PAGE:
Response (b.) may be correct, especially for a few entities. However, for the majority of emergency managers, they have neither the authority nor the time to make all of the media contacts. If the emergency manager were to do so, who would be doing his or her tasks of coordinating and supporting the response activities and managing the emergency operations center? The same issues arise with Response (c.). The emergency manager certainly needs to be aware of approved media releases, but does he or she have the authority and responsibility to review and approve media releases for the entity?
The last possible answer, Response (d.), of being the entity’s primary spokesman has the same issues associated with it as the preceding two responses – lack of appropriate authorities and responsibilities as well as subject matter expertise. Emergency managers need to understand how to respond to media inquiries, but the primary spokesman responsibilities should be left to the experts – such as the public information officer – and the elected /appointed officials with the authority to speak for the entity. Therefore, the correct response is the first one.
2. If the community already has an emergency operations plan, the emergency manager should:
(a.) Assume the plan is probably outdated, and proceed to develop a new one.
(b.) Consider this part of the job done, and focus on other activities.
(c.) Coordinate a unified effort with all those responsible to keep the plan updated.
(d.) Let the people responsible for the various sections decide when and if changes are needed.
Analysis: This question is a variation on the first question above. It uses the emergency operations plan to identify the role of the emergency manager during “the day-to-day emergency management program activities” of preparedness. To correctly answer this question, you must not only know what role the emergency manager performs during preparedness, but also know what role the emergency manager has in relation to the emergency operations plan.
Response (a.) is a viable option at first glance. However, do you really want to develop a brand new emergency operations plan to replace the existing one? The response does not say it is invalid or doesn’t work as designed, so this may not be a good choice.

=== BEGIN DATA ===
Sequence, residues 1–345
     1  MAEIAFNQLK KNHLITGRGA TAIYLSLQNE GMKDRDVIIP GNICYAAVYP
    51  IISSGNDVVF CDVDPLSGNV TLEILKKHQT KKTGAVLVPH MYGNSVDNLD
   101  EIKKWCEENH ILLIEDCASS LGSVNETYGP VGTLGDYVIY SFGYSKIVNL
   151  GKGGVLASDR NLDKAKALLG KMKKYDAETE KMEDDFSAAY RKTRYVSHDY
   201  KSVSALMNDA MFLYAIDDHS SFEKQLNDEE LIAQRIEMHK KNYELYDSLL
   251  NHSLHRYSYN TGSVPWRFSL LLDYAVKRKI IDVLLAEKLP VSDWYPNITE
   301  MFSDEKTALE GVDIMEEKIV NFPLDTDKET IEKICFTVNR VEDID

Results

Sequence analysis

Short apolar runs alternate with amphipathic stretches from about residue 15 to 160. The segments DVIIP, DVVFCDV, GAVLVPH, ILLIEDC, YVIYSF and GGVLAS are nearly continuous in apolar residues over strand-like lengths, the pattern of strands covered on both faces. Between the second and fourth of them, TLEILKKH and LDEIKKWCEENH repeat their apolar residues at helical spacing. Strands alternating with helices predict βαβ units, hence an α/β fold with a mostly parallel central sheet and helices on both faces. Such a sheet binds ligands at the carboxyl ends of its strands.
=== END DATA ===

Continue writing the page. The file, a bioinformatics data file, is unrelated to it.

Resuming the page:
Response (b.) is also a viable option, but then the plan may not be effective or reflect current operational procedures. Therefore, this may not be a good choice either. Response (c.) is a viable option too. It addresses the key activities of what an emergency does in the planning process, and it includes all stakeholders. This may be the best option so far. Let’s see what the last response says before we decide.
Response (d.) is a viable option. This one defers the updating process to the subject matter experts. While this option seems good at first glance, allowing each responsible party to decide if and when changes are needed could easily prevent the emergency manager from having a fully coordinated plan that accounts for internal and external interdependencies as well as appropriate resource sharing.
All four options appear to be viable ones. However, our analysis indicates that only Response (c.) has the least potential negatives and has all positive consequences for the emergency management program. Therefore, Response (c.) is the correct answer.
These two sample questions require more than rote memorization. They require all of the higher learning skills of knowledge, comprehension, application, analysis, synthesis, and evaluation. This makes what seems to be a simple question one that really taxes your understanding of emergency management and roles and responsibilities of the emergency manager as well as the associated stakeholders.
Next month we will continue our discussion on the Program Manager, with a focus on Records Management and Finance and Administration. We also will analyze some practice exam questions. Please send any questions you have about the examination or the certification process to me at email@example.com, and I will address them in future articles.
IAEM Bulletin, August 2015